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The role of tusks, musth and body size in male-male competition among Asian elephants, Elephas maximus

Chelliah, Karpagam and Sukumar, Raman (2013) The role of tusks, musth and body size in male-male competition among Asian elephants, Elephas maximus. In: Animal Behaviour, 86 (6). pp. 1207-1214.

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Official URL: http://dx.doi.org/10.1016/j.anbehav.2013.09.022

Abstract

The evolution of sexually dimorphic, elaborate male traits that are seemingly maladaptive may be driven by sexual selection (male-male competition and or female mate choice). Tusk possession in the Asian elephant is sexually dimorphic and exaggerated but its role in male-male competition has not yet been determined. We examined the role of the tusks in establishing dominance along with two other known male-male signals, namely, body size and musth (a temporary physiologically heightened sexual state) in an Asian elephant population in northeastern India with equal proportions of tusked and tuskless males. We observed 116 agonistic interactions with clear dominance outcomes between adult (>15 years) males during 458 field days in the dry season months of 2008-2011. A generalized linear mixed-effects model was used to predict the probability of winning as a function of body size, tusk possession and musth status relative to the opponent. A hierarchy of the three male-male signals emerged from this analysis, with musth overriding body size and body size overriding tusk possession. In this elephant population tusk possession thus plays a relatively minor role in male-male competition. An important implication of musth and body size being stronger determinants of dominance than tusk possession is that it could facilitate rapid evolution of tuskless males in the population under artificial selection against tusked individuals, which are poached for ivory. (C) 2013 The Association for the Study of Animal Behaviour. Published by Elsevier Ltd. All rights reserved.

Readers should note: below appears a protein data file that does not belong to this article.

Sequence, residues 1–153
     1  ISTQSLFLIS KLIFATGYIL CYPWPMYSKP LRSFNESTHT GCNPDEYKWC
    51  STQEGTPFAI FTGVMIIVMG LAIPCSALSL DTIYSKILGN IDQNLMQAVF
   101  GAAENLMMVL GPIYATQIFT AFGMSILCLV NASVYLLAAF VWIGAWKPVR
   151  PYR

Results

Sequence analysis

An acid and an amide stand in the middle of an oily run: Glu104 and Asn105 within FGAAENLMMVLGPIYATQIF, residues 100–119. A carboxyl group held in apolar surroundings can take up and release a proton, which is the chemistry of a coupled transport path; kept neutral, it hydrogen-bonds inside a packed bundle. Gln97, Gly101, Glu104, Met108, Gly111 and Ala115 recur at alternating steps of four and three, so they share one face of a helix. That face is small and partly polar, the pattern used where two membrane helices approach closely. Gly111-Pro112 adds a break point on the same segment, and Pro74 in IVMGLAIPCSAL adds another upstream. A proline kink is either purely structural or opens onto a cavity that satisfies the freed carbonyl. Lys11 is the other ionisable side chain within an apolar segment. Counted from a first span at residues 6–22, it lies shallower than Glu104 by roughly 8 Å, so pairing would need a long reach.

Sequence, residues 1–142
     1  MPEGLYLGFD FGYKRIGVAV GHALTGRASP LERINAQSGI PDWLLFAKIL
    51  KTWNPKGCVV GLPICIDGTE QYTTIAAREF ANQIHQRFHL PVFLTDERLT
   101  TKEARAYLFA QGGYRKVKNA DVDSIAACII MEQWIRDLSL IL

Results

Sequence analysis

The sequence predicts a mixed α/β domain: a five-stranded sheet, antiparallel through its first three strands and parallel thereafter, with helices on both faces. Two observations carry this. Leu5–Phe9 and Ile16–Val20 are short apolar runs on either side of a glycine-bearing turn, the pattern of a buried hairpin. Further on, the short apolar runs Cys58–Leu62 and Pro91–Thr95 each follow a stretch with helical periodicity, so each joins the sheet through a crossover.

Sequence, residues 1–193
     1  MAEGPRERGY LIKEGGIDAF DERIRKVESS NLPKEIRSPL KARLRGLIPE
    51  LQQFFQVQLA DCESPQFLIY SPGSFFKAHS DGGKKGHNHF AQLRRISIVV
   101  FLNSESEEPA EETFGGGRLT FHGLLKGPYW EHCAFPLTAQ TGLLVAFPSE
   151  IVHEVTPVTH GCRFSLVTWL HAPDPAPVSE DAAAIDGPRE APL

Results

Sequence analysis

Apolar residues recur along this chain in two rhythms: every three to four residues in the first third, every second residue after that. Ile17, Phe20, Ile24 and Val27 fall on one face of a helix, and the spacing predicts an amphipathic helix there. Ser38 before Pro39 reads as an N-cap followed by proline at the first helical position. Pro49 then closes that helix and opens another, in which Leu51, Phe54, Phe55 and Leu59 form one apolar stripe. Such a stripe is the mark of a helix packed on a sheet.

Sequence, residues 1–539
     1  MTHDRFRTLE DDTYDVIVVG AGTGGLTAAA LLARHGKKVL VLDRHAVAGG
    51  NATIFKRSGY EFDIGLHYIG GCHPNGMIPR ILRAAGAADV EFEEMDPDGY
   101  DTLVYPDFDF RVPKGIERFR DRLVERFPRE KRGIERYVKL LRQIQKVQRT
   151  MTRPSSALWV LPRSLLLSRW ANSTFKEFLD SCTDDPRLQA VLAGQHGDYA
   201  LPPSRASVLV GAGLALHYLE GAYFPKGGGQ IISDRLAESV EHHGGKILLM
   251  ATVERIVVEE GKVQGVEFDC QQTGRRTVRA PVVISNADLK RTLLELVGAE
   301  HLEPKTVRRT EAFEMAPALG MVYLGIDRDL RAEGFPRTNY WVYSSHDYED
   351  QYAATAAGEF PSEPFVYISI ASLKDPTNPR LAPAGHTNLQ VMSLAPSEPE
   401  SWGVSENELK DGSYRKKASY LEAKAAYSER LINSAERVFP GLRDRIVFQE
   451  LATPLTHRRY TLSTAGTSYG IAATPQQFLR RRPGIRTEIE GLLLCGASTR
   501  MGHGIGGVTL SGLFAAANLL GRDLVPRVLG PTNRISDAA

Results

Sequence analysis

Item Type: Journal Article
Additional Information: Copyright of this article belongs to Elsevier Science.
Keywords: Elephas Maximus; Male-Male Competition; Male Secondary Character; Sexual Selection; Tuskless Male Elephant
Department/Centre: Division of Biological Sciences > Centre for Ecological Sciences
Depositing User: Francis Jayakanth
Date Deposited: 30 Dec 2013 12:23
Last Modified: 30 Dec 2013 12:23
URI: http://eprints.iisc.ac.in/id/eprint/48049

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